An expert on economic policies says a study on Seattle's minimum wage should serve as a reminder of an important trade-off.
While Seattle's $15-an-hour minimum wage has boosted pay in low-wage jobs, researchers at the University of Washington say there's also been a nine-percent reduction in hours worked. Moreover, researchers say there would be about 5,000 more low-wage jobs in Seattle without the $15-an-hour minimum wage.
"I think this is sort of the evidence that we've been seeing over time about minimum wage hikes," responds Aparna Mathur, resident scholar in economic policy for American Enterprise Institute. "Tons of studies find that if you set a higher minimum wage, yes, there are people who benefit [but] there are people who lose out – and I think it's important to realize that there is that trade-off."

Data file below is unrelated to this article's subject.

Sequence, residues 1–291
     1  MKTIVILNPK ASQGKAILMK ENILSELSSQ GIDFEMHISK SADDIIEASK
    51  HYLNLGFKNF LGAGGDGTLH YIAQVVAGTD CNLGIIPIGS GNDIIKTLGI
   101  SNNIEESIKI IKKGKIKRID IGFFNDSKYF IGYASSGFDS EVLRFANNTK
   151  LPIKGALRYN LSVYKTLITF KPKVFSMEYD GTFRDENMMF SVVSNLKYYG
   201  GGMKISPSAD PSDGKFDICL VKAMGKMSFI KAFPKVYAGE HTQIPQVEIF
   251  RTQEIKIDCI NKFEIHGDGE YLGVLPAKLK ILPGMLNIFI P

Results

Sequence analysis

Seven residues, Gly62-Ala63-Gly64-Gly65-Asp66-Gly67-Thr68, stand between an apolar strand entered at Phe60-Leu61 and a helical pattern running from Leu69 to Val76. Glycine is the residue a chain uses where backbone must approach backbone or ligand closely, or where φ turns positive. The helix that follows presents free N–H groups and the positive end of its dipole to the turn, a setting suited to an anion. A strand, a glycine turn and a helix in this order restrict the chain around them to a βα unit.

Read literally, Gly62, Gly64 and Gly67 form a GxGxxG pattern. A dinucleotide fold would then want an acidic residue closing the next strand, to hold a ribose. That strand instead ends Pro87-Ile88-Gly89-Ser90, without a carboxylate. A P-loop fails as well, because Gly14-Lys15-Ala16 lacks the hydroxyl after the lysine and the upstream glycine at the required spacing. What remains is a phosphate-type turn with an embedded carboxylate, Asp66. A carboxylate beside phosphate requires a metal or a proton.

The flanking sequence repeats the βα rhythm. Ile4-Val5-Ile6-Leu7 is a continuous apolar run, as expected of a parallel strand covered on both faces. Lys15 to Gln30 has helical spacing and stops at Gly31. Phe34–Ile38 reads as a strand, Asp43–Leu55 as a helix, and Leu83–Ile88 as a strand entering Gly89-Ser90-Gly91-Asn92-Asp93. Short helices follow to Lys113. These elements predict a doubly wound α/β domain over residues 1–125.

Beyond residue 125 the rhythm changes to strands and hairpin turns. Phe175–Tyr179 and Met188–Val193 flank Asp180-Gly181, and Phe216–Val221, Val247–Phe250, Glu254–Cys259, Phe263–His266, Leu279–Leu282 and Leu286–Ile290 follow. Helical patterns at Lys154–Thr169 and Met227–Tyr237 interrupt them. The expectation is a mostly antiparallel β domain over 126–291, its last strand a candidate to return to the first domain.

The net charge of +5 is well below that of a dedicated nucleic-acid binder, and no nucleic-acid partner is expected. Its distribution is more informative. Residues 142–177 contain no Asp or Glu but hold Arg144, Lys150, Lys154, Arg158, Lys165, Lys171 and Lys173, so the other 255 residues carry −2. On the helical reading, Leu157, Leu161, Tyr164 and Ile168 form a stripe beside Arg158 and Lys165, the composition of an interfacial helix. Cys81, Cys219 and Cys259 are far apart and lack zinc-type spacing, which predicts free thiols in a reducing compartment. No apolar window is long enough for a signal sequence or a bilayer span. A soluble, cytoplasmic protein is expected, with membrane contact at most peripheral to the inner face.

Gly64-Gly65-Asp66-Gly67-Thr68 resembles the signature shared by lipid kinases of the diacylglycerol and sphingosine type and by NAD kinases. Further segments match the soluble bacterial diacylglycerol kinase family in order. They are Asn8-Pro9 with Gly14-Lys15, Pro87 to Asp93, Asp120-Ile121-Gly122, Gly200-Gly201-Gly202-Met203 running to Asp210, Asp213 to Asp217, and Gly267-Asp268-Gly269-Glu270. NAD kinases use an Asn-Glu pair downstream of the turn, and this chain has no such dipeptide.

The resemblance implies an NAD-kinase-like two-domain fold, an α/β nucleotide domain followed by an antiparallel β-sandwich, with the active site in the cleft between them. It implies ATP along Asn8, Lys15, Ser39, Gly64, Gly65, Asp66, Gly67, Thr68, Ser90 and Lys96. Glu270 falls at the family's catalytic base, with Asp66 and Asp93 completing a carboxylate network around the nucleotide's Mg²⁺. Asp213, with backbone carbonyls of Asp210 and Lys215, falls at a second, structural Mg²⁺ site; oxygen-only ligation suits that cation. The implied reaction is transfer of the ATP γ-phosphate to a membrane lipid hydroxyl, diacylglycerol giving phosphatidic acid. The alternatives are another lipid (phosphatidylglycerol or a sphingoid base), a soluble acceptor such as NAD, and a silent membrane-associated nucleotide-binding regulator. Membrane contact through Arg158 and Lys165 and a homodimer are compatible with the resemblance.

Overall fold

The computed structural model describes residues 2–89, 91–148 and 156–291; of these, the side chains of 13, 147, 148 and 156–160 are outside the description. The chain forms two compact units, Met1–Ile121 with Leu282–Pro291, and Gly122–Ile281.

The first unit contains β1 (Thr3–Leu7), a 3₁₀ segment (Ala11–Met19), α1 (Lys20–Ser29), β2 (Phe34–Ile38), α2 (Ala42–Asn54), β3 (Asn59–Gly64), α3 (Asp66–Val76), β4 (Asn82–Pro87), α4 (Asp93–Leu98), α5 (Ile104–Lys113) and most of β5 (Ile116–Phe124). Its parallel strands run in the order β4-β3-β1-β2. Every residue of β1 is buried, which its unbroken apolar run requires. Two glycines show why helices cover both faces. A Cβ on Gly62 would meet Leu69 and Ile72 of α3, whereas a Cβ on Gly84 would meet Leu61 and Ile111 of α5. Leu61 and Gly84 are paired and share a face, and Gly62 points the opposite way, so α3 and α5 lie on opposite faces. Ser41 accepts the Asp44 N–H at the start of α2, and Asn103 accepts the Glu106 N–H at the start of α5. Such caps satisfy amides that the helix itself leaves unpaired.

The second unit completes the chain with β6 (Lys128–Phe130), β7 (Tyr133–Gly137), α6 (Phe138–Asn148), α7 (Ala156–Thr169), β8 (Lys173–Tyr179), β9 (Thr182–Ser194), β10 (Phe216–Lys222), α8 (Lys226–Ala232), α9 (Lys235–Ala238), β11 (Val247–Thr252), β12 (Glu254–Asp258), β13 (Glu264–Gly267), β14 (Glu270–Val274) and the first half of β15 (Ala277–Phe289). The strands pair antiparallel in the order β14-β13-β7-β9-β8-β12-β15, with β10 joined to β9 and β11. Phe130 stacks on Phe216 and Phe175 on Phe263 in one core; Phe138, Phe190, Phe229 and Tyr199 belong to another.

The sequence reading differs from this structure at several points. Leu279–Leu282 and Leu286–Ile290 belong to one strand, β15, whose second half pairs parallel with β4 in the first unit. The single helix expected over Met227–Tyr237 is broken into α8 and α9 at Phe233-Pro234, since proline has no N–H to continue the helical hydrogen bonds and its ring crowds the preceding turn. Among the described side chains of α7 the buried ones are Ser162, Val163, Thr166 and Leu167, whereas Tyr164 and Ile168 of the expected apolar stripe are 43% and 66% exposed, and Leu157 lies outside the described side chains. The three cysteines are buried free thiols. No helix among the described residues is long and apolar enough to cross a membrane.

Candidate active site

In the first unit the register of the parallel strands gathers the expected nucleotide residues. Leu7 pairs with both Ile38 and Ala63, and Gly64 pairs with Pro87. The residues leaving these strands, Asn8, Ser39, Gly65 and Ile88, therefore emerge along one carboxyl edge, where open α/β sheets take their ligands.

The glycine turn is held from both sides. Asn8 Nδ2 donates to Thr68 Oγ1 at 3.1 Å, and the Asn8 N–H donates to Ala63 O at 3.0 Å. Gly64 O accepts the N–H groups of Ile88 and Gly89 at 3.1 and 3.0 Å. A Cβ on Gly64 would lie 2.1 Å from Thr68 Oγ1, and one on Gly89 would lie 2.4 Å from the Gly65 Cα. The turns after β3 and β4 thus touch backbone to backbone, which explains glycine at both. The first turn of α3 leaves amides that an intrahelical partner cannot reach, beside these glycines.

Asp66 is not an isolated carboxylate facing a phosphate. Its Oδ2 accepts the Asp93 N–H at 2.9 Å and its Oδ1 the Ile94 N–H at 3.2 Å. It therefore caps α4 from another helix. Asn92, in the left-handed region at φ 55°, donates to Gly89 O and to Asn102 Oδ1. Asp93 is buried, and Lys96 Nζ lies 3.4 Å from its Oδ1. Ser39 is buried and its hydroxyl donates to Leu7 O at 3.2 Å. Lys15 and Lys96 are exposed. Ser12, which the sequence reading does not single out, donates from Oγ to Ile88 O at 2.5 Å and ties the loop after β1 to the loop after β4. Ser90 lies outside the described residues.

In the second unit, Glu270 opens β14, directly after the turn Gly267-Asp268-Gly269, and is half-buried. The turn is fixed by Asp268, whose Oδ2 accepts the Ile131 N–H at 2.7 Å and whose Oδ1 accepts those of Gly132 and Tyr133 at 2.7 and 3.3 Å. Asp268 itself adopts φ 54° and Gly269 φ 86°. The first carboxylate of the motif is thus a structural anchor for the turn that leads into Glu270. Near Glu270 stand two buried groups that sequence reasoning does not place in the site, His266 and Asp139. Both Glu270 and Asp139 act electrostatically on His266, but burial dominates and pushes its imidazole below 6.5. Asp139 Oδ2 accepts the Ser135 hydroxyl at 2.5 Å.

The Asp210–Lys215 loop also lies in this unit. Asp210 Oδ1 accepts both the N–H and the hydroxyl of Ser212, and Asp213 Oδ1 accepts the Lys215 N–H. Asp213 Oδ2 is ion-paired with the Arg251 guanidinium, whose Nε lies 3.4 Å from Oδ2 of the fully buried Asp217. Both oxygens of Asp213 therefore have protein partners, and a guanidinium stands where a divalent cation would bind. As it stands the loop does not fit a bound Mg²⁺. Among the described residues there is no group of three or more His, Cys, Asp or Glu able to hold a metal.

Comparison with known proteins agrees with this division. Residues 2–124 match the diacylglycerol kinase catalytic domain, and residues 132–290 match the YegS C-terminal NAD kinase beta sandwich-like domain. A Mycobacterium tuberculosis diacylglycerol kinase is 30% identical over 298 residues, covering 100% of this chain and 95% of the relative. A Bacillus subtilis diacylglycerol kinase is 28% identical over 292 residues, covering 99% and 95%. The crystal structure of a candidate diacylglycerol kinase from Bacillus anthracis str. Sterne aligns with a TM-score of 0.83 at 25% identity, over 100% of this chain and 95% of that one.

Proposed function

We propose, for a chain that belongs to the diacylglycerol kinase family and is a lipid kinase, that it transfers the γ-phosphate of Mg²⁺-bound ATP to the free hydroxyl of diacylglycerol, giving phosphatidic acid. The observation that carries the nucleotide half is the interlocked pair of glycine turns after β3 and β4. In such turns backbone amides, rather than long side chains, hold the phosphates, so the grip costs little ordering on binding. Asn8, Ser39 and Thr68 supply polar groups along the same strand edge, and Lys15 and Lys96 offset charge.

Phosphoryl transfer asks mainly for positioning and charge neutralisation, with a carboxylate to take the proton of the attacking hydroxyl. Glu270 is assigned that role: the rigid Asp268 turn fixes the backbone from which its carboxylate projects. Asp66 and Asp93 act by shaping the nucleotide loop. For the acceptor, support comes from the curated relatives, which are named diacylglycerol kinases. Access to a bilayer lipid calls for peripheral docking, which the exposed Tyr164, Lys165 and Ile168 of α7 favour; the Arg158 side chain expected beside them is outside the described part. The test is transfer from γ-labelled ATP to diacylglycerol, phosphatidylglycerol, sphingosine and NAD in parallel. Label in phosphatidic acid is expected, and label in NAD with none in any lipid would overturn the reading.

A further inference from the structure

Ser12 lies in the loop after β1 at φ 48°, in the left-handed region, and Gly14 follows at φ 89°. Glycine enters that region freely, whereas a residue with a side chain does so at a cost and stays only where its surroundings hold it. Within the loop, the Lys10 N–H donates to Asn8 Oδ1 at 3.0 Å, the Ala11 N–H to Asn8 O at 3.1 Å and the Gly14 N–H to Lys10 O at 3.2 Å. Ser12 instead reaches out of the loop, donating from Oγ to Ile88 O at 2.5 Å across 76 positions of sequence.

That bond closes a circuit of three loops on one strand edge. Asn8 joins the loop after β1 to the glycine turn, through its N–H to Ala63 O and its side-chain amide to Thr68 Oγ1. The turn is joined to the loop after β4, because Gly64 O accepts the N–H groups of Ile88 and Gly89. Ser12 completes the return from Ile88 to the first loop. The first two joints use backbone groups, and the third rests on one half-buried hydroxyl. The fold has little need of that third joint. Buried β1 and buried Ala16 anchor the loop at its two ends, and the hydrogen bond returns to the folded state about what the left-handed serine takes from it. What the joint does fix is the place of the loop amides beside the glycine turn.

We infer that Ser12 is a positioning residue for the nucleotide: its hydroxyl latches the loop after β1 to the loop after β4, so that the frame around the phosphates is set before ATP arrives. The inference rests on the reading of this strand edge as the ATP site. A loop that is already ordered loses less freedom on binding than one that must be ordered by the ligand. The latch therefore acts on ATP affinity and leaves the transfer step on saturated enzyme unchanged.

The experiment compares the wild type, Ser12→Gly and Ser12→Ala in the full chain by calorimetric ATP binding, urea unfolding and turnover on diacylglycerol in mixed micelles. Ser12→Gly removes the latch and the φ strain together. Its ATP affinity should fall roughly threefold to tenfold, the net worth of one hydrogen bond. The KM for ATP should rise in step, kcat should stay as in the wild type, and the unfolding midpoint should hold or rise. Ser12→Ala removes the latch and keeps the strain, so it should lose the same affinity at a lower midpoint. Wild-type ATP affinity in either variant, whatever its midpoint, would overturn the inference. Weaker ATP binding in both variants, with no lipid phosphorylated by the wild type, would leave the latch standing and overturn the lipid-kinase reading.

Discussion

Seattle was one of the first U.S. cities to adopt a $15 minimum wage law, and its experience is being closely watched as other cities have followed suit and as advocates push for a higher federal minimum wage. The city's law is raising the minimum to $15 for all businesses by 2021.
Earlier this month, economists at the University of California-Berkeley found a similar minimum wage in their city raised pay without hurting jobs in the restaurant industry. An author of that report, Michael Reich, criticized the University of Washington team's methodology.
"I think there is a common-sense argument that all economists would agree upon," adds AEI's Mathur, "which is that having a higher wage is likely to lead to some negative effects on employment – and you're lucky if you keep your job and have your higher earnings."